Hadden-Paton: It's all there in the writing. The first song is, "Let a woman in your life and your serenity is through." And it ends with, "I shall never let a woman in my life," which is just setting up the problem for him that he will absolutely let a woman in his life. It's the perfect setup for someone who is going to change. And he does. She makes him question everything he's ever believed…. He's searching for answers to why he's feeling like this, how has she made him feel like this, how must he behave in the future, can he exist without her in his life. So for him as well as the audience there are lots of questions being asked at the end and I'm not going to resolve them all. I think it's so satisfying to take someone through a change like that. It's why we do it really. So I don't know why Rex was scared of it.

The musical ends with the line, "Where the devil are my slippers?" which many see as problematic. Without giving too much away, can you talk about how you've reconceived the ending for this production?

Ambrose: I felt nervous about it. I was like, "OK, I got the part" and I literally called Bart, and I was like, "What are we doing about the ending?" Harry thought that was really silly. He kind of hears the whole thing differently than maybe American audiences do.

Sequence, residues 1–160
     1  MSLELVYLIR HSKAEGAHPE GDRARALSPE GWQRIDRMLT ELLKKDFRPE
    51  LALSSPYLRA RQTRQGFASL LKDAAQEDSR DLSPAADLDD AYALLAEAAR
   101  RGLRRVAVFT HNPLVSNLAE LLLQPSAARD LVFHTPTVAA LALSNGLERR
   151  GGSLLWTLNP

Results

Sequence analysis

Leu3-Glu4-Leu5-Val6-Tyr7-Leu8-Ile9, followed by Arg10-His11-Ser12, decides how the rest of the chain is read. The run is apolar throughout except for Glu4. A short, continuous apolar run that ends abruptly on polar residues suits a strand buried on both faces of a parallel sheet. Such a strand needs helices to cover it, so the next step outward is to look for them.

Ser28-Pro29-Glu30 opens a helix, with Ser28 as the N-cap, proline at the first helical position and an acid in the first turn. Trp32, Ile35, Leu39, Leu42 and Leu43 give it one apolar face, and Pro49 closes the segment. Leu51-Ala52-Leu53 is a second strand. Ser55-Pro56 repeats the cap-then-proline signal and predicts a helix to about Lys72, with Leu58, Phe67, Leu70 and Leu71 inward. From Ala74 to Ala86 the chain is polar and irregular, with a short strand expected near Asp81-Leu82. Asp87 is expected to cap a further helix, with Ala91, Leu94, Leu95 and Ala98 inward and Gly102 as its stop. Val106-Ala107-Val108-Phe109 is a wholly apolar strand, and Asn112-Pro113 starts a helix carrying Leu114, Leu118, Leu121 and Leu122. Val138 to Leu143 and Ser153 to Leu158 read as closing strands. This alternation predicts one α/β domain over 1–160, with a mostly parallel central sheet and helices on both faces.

How so?

Hadden-Paton: There's a literal reading of it, which worries a lot of people. For me, I never read it as an order or literally, that he's asking a question. It's nothing to do with that. She is the one that sets it up. She says, "I washed my face and hands before I come, I did," which is a reference to one of her first lines in the first scene where they meet. He responds by saying another line from their past, which caused them all sorts of havoc. It's a reference to their past and to everything they've been through together, and an acknowledgement of how far they've come and how things have changed.

Ambrose: But there have definitely been productions even with just her staying where it's essentially him saying, "Where the devil are my slippers," meaning, "I'm not going to go much farther than you've seen me go. This is our relationship, and it's not going to evolve." So, to me, it's still a tricky line, and I know it was something that needed to be looked at. Shaw wrote these incredibly strong female characters, including Eliza Doolittle. If you read Pygmalion, she marches out the door to her father's wedding and says, "I don't know how you're going to survive without me." So our goal is really to have them be equals and also honor George Bernard Shaw's intentions.